The first time I realized that it was MY body that was violated I sat stunned, repeating over and over again; “That happened to me… ” I finally connected one horrible and frightening event to myself.
I was shocked that I’d never realized that it happened to ME and in fact I was realizing it for the very first time.
The emotional processes which worked for him as a child may begin to work against him as an adult. of Duke University supports the idea that invalidation leads to mental health problems.
The dissociation in itself is the coping method.)I also developed multiple personality disorder (now known as dissociative identity disorder), which means in my case, that I fragmented or split into multiple personalities as a method of survival.
I believed that I had wonderful, hard working parents who did their best for me. I had no frame of reference for any other way of life. I had to validate the pain that being devalued, dismissed and treated as “not quite valid” as a person had an effect on me. I dissociated (hence the term “dissociative identity disorder) and dissociating enabled me to cope.(Regarding Dissociative Identity Disorder and Multiple Personality Disorder ~ not everyone who has dissociative identity disorder or dissociative issues, fragments into alter personalities.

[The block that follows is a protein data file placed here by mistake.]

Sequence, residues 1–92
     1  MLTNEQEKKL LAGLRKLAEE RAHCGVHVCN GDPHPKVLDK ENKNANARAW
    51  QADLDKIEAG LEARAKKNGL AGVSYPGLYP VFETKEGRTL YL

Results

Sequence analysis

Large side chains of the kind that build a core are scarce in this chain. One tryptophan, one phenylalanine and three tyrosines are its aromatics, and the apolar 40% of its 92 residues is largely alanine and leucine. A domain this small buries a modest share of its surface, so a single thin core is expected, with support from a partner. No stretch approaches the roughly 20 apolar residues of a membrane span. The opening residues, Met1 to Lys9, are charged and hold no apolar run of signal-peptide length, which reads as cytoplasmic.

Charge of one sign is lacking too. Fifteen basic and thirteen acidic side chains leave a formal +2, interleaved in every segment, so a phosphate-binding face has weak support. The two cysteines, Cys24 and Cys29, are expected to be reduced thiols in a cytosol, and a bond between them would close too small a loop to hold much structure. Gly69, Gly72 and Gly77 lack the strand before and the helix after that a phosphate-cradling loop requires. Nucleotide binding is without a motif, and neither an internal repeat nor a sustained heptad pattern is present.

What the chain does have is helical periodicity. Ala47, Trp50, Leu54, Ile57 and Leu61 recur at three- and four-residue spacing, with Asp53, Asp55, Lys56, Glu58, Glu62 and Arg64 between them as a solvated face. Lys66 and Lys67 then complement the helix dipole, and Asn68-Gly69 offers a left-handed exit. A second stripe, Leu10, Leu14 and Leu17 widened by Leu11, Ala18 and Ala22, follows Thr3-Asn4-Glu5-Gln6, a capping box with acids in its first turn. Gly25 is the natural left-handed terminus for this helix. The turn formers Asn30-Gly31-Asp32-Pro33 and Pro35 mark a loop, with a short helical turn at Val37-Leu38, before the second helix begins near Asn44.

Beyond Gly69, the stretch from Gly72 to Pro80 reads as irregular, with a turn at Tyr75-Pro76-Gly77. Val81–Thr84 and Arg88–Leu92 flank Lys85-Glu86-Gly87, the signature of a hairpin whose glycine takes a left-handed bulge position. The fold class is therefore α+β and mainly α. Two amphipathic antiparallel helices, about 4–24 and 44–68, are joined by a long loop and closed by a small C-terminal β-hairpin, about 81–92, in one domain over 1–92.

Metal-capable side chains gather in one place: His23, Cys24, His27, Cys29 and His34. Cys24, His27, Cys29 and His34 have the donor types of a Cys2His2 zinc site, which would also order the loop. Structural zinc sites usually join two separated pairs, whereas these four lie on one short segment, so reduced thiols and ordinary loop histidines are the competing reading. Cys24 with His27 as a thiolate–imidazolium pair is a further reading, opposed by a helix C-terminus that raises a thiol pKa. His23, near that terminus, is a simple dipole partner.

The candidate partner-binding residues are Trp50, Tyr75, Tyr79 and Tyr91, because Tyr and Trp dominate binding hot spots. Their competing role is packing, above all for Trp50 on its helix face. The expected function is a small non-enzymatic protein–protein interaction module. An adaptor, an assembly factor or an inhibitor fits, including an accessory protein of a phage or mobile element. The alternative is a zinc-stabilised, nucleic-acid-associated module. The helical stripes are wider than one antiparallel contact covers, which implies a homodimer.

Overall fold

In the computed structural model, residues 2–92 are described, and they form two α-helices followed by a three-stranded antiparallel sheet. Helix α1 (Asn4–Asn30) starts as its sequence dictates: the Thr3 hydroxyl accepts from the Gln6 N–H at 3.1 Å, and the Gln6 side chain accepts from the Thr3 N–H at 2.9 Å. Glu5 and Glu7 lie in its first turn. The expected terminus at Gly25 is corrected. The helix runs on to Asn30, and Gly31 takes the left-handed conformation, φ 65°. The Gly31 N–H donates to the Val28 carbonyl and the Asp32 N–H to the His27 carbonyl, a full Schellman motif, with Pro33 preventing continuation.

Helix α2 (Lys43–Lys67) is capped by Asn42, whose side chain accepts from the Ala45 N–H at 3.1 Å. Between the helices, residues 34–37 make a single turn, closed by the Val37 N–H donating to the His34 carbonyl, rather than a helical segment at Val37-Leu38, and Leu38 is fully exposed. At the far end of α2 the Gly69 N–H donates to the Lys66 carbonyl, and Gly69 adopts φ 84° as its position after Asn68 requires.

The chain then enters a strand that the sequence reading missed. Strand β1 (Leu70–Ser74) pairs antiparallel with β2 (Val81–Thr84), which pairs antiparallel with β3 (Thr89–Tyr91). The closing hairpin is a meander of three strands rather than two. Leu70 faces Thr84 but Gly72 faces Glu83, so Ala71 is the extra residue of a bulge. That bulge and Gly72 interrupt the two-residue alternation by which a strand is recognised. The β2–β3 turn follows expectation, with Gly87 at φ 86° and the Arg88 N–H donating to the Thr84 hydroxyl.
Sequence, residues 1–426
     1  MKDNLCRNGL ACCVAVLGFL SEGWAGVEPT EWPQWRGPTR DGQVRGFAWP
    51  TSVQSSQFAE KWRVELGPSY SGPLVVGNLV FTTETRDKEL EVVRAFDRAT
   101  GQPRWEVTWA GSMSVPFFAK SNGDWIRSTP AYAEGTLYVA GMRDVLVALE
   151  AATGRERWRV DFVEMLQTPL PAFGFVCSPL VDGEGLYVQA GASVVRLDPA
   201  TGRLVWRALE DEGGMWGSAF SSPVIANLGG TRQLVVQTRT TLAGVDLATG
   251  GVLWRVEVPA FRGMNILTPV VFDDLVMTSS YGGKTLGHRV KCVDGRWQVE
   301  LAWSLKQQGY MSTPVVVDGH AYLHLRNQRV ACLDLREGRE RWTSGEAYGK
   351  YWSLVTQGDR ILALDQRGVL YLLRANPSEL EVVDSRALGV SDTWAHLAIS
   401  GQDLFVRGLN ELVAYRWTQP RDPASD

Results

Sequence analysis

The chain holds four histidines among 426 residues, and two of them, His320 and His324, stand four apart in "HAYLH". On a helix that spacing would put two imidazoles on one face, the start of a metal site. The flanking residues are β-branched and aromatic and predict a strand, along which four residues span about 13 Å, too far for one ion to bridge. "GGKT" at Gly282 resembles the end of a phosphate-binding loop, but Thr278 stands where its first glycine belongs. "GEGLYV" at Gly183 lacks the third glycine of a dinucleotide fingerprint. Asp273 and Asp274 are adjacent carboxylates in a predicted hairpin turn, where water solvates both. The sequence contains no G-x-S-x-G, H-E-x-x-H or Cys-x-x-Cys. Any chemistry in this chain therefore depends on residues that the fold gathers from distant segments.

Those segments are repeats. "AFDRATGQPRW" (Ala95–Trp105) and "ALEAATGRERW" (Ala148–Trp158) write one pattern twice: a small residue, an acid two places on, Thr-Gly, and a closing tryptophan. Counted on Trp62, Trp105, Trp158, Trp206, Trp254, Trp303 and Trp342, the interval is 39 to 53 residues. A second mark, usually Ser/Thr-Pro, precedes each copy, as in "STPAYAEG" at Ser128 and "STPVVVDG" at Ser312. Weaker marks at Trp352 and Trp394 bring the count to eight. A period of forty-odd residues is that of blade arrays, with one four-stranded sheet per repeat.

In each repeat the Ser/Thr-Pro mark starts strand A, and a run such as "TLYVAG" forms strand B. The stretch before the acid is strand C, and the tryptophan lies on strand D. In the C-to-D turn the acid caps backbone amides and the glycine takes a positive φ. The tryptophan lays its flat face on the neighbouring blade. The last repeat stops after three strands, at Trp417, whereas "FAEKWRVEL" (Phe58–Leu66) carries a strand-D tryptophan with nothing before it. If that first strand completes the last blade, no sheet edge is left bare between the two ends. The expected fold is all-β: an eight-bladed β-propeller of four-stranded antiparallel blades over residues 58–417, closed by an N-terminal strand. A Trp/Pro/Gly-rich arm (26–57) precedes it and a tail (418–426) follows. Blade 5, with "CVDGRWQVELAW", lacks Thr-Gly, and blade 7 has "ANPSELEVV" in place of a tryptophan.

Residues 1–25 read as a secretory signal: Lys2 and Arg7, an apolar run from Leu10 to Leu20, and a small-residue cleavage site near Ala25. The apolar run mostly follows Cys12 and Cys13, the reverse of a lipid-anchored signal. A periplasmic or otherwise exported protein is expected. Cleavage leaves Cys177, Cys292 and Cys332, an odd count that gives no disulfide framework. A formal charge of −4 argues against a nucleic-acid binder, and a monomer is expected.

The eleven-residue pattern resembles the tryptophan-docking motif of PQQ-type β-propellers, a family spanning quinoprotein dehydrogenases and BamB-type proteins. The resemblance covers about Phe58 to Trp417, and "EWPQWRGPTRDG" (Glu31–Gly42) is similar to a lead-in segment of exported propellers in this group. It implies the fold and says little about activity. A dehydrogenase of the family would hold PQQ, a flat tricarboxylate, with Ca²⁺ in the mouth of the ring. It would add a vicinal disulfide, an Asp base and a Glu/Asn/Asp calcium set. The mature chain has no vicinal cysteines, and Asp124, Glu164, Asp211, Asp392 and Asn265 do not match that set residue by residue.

I constantly looked to those “less fortunate” in order to beat myself up about how “ungrateful” that I was. I had to face that although I had been “told” that I was a liar and an exaggerator, I did in fact know the truth about at least some of the things that had happened to me and that those things were wrong. Many people who have dissociative identity do just that ~ they dissociate from their identity.
A sensitive child who is repeatedly invalidated becomes confused and begins to distrust his own emotions.
He fails to develop confidence in and healthy use of his emotional brain-- one of nature's most basic survival tools.